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Easy Does It: Why Small Steps Lead to Big Lifestyle Changes

Amanda Gregory, LCPC, EMDR Practitioner

Do you struggle to incorporate new behaviors into your lifestyle? Does it sometimes seem impossible to change your established routines? If so, you’re not alone. Many people find it extremely challenging to add new behaviors into their daily lives.

A former client of mine set a goal of going to the gym three mornings a week. After four weeks, this client had not gone to the gym even once. I could hear the frustration and confusion as they said, “Why can’t I just do it? Am I lazy?”

Psychologist B.J. Fogg notes that when we’re unable to consistently implement new behaviors, it’s not always about a lack of motivation or willpower; we’re just taking the wrong approach.

Dr. Fogg encourages making small, gradual behavioral changes instead of jumping into significant changes right away. These small changes in behavior should increase little by little over a period of time until you have achieved your desired change. For example, if your goal is to achieve healthy eating habits, you might start by trying to improve one meal a day for a week—instead of changing everything you eat all at once.

This approach is designed to celebrate small successes, which helps to boost motivation. We’re often unprepared for how much time and effort it will take to establish a new behavior, especially if we have to change other habits or routines. Not giving ourselves credit for small successes can sap our motivation. In addition, making big changes all at once can lead to exhaustion or burnout, which can also create or intensify low motivation.

Let’s say that your goal is to go to the gym three days a week in the morning. But you haven’t been to the gym in over six months, and you’ve been sleeping in. Therefore, your daily routine consists of sleeping in and not going to the gym. You’ve gotten used to this routine, and it might be challenging to change it. Instead of trying to wake up early and go to the gym three mornings a week right away, try thinking in terms of smaller steps. Here is an example:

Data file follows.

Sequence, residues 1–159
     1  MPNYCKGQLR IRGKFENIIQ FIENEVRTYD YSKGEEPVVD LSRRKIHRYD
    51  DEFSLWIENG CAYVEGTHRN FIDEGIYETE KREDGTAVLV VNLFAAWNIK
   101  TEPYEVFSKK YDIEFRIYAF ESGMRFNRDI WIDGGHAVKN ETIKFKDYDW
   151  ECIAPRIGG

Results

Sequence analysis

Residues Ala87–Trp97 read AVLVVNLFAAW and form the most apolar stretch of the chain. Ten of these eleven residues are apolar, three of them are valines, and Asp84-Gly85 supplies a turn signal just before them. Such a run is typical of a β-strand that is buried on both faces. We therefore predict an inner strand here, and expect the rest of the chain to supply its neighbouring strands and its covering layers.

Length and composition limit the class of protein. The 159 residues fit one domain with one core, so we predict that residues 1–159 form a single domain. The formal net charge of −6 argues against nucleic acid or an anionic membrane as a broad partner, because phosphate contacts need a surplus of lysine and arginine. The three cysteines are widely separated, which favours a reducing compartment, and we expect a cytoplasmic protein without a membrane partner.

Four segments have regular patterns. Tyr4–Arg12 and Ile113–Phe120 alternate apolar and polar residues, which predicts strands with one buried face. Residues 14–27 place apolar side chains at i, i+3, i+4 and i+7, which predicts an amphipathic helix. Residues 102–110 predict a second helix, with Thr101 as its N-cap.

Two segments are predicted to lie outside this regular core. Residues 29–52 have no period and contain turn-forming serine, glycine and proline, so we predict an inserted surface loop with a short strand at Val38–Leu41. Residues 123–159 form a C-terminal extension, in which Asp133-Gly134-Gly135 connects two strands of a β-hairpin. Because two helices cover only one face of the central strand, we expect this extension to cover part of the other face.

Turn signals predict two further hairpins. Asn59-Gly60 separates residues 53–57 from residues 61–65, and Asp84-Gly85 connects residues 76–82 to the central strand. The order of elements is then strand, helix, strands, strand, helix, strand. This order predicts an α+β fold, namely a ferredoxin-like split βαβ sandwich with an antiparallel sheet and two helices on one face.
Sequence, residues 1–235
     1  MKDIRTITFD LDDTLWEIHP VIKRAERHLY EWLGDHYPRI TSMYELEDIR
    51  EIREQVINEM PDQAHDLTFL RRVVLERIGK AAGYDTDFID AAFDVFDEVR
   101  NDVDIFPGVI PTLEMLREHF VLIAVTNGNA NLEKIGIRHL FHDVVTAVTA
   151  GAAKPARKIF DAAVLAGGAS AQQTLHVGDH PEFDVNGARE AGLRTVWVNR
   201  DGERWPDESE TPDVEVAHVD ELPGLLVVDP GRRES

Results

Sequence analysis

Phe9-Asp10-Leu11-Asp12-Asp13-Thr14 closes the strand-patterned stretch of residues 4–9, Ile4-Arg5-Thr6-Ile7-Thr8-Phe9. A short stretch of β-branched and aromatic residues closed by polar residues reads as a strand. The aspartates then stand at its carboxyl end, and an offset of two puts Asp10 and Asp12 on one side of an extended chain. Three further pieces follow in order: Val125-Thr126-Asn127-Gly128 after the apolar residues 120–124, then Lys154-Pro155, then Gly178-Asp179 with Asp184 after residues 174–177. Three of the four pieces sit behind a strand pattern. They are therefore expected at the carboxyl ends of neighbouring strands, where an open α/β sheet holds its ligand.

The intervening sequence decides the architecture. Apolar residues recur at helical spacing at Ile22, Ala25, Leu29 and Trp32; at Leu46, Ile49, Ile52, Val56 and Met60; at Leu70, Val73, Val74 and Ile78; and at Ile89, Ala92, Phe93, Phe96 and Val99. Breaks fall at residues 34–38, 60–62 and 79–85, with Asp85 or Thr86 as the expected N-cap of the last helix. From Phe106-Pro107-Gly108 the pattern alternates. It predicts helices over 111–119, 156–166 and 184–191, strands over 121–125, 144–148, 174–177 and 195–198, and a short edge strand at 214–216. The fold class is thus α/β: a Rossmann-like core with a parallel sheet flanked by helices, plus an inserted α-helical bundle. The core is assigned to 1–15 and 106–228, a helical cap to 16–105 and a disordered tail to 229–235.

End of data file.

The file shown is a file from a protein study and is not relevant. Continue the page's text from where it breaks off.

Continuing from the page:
• Week 1: Set your alarm and get up each day at the time you plan to go to the gym.
  • Week 2: Get up early and do a 10-minute exercise routine at home three days this week.
  • Week 3: Get up early and do a 20-minute exercise routine at home three days this week.
  • Week 4: Get up early and go to the gym one morning this week, and do a 30-minute exercise routine at home two other mornings.
  • Week 5: Get up early and go to the gym two mornings, and do a 30-minute exercise routine at home one morning.
  • Week 6: Get up early and go to the gym three mornings this week.

Because it starts small, this change takes six weeks to implement, which may seem like a long time. But this approach may help you to sustain a significant lifestyle change over a period of time. This approach also helps you to gradually fit your new behaviors into your current routine. So you aren’t reinventing the wheel but simply adding on or making small, gradual changes to your habits. To start going to the gym regularly, you shouldn’t sacrifice other aspects of your morning routine that you enjoy, such as grabbing a coffee or checking social media. You simply add a new element to your established routine.
A small-steps approach allows you to slowly change your behavior in order to achieve your desired long-term goal. If you’re finding it difficult to make changes to your behavior, it may be useful to connect with a therapist. Contact Symmetry Counseling to schedule your appointment today.

MacLellen, L. (2017, January 4). A Stratford University psychologist’s elegant three-step method for creating new habits [Blog post] Retrieved from

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